In old Omar’s silvered phrases,
‘Neath your hat I peeped to see,
Bound you with a chain of daisies,
Toyëd with your rumpled glove,
Pinned a rose above your brow; —
Thus we quaffed the wine of love,
I and thou.

Under Omar’s subtle spell,
With the bird of Time a-winging,
What a world our eyes did tell
Of our thoughts so madly singing;
Yours with lids pressed shyly down,
While, with all a lover’s art,
Mine, beneath the lash of brown,
Sought your heart.

“Fools! ‘t is neither there nor here,
Your reward!” Thus sang the poet
In those rhythms sweetly clear.
Said our eyes: “Do we not know it?
What reward do we desire
But to sit beneath this tree
And to read with hearts afire
‘Thee and me’!”

Slyly then, I crept more close: —
You of course read on unknowing,
Though the wine of Omar’s rose
Just below your hat was glowing.
When at last I caught your hand
‘Neath the book. Dear, tell me how
Did we subtly understand,
I and thou?

Was the wine of Omar’s verse
In our blood, within that hour,
That, forgetful of life’s curse,
We should quaff the cup and flower,
Till in Paradise we sat
(Ah, to be as happy now!),
While we read the Rubáiyát,
I and thou!

From: Rowland, Helen, “When We Read the Rubáiyát” in The Critic; an illustrated monthly review of literature, art, and life, n.s. v. 43 1905 Jan-Jun, pp. 356-357.

Date: 1905

By: Helen Rowland (1875-1950)

Friday, 25 December 2015

Hymn for Christmas Day by Aurelius Clemens Prudentius

Why doth the sun re-orient take
A wider range, his limits break?
Lo! Christ is born, and o’er earth’s night
Shineth from more to more the light!

Too swiftly did the radiant day
Her brief course run and pass away:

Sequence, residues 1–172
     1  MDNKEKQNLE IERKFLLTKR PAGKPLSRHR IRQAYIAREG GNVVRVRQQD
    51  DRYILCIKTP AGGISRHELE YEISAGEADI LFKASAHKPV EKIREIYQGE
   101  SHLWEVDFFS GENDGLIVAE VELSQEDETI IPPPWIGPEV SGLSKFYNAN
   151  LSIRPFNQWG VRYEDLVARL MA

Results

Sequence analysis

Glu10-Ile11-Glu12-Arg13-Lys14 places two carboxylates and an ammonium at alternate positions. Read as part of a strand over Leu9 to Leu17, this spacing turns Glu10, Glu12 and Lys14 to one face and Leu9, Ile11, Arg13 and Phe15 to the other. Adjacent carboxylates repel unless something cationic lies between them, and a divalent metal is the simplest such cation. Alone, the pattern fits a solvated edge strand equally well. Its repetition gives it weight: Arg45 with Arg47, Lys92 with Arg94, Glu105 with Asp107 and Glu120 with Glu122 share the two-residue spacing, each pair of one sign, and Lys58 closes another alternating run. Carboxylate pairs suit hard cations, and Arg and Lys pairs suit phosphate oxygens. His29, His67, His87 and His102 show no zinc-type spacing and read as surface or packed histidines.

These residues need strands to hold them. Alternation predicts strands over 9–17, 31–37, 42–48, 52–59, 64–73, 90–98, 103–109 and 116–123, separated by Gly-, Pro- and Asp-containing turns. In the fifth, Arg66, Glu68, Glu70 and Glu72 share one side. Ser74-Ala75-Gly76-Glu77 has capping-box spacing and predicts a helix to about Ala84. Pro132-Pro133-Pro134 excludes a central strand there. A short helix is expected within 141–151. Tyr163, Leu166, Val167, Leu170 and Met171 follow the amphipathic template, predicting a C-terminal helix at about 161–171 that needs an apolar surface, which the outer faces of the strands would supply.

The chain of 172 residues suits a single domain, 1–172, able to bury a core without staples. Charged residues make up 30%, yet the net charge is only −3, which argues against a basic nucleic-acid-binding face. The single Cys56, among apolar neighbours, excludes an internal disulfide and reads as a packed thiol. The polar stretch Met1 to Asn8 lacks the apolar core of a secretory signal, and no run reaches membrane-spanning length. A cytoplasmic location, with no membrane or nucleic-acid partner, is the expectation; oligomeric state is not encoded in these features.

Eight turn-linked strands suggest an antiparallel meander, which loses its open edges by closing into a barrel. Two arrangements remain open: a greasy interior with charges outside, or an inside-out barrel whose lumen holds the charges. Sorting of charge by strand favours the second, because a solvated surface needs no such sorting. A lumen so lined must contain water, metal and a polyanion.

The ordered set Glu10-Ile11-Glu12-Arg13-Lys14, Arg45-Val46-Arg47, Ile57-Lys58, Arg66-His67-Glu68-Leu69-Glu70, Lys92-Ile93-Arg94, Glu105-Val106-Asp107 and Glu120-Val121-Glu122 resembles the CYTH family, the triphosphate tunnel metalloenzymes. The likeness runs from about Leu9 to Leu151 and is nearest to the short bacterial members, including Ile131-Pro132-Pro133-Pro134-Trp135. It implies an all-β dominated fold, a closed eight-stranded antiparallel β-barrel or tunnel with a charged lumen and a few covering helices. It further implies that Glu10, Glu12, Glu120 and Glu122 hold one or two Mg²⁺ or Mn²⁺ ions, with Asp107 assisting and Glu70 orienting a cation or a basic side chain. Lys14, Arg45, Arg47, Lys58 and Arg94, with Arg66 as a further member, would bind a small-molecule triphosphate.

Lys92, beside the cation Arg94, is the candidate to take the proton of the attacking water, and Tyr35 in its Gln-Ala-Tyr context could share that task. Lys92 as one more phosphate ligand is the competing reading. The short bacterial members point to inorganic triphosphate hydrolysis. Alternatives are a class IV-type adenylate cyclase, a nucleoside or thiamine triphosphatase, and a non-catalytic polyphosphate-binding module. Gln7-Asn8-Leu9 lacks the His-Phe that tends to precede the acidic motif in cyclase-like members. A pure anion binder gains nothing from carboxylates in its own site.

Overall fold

She scarce her kindly torch had fired
Ere slowly fading it expired.

Now let the sky more brightly beam,
The earth take up the joyous theme:
The orb a broadening pathway gains
And with its erstwhile splendour reigns.

Sweet babe, of chastity the flower,
A virgin’s blest mysterious dower!
Rise in Thy twofold nature’s might:
Rise, God and man to reunite!

Though by the Father’s will above
Thou wert begot, the Son of Love,
Yet in His bosom Thou didst dwell,
Of Wisdom the eternal Well;

Wisdom, whereby the heavens were made
And light’s foundations first were laid:
Creative Word! all flows from Thee!
The Word is God eternally.

For though with process of the suns
The ordered whole harmonious runs,
Still the Artificer Divine
Leaves not the Father’s inmost shrine.

The rolling wheels of Time had passed
O’er their millennial journey vast,
Before in judgment clad He came
Unto the world long steeped in shame.

The purblind souls of mortals crass
Had trusted gods of stone and brass,
To things of nought their worship paid
And senseless blocks of wood obeyed.

And thus employed, they fell below
The sway of man’s perfidious foe:
Plunged in the smoky sheer abyss
They sank bereft of their true bliss.

But that sore plight of ruined man
Christ’s pity could not lightly scan:
Nor let God’s building nobly wrought
Ingloriously be brought to nought.

He wrapped Him in our fleshly guise,
That from the tomb He might arise,
And man released from death’s grim snare
Home to His Father’s bosom bear.

This is the day of Thy dear birth,
The bridal of the heaven and earth,
When the Creator breathed on Thee
The breath of pure humanity.

Ah! glorious Maid, dost thou not guess
What guerdon thy chaste soul shall bless,
How by thy ripening pangs is bought
An honour greater than all thought?

O what a load of joy untold
Thy womb inviolate doth hold!
Of thee a golden age is born,
The brightness of the earth’s new morn!

Hearken! doth not the infant’s wail
The universal springtide hail?
For now the world re-born lays by
Its gloomy, frost-bound apathy.

Methinks in all her rustic bowers
The earth is spread with clustering flowers:
Odours of nard and nectar sweet
E’en o’er the sands of Syrtes fleet.

All places rough and deserts wild
Have felt from far Thy coming, Child:
Rocks to Thy gentle empire bow
And verdure clothes the mountain brow.

Sweet honey from the boulder leaps:
The sere and leafless oak-bough weeps
A strange rich attar: tamarisks too
Of balsam pure distil the dew.

Blessed for ever, cradle dear,
The lowly stall, the cavern drear!
Men to this shrine, Eternal King,
With dumb brutes adoration bring.

The ox and ass in homage low
Obedient to their Maker bow:
Bows too the unlearn’d heartless crowd
Whose minds the sensual feast doth cloud.

Though, by the faithful Spirit impelled,
Shepherds and brutes, unreasoning held,
Yea, folk that did in darkness dwell
Discern their God in His poor cell:

Yet children of the sacred race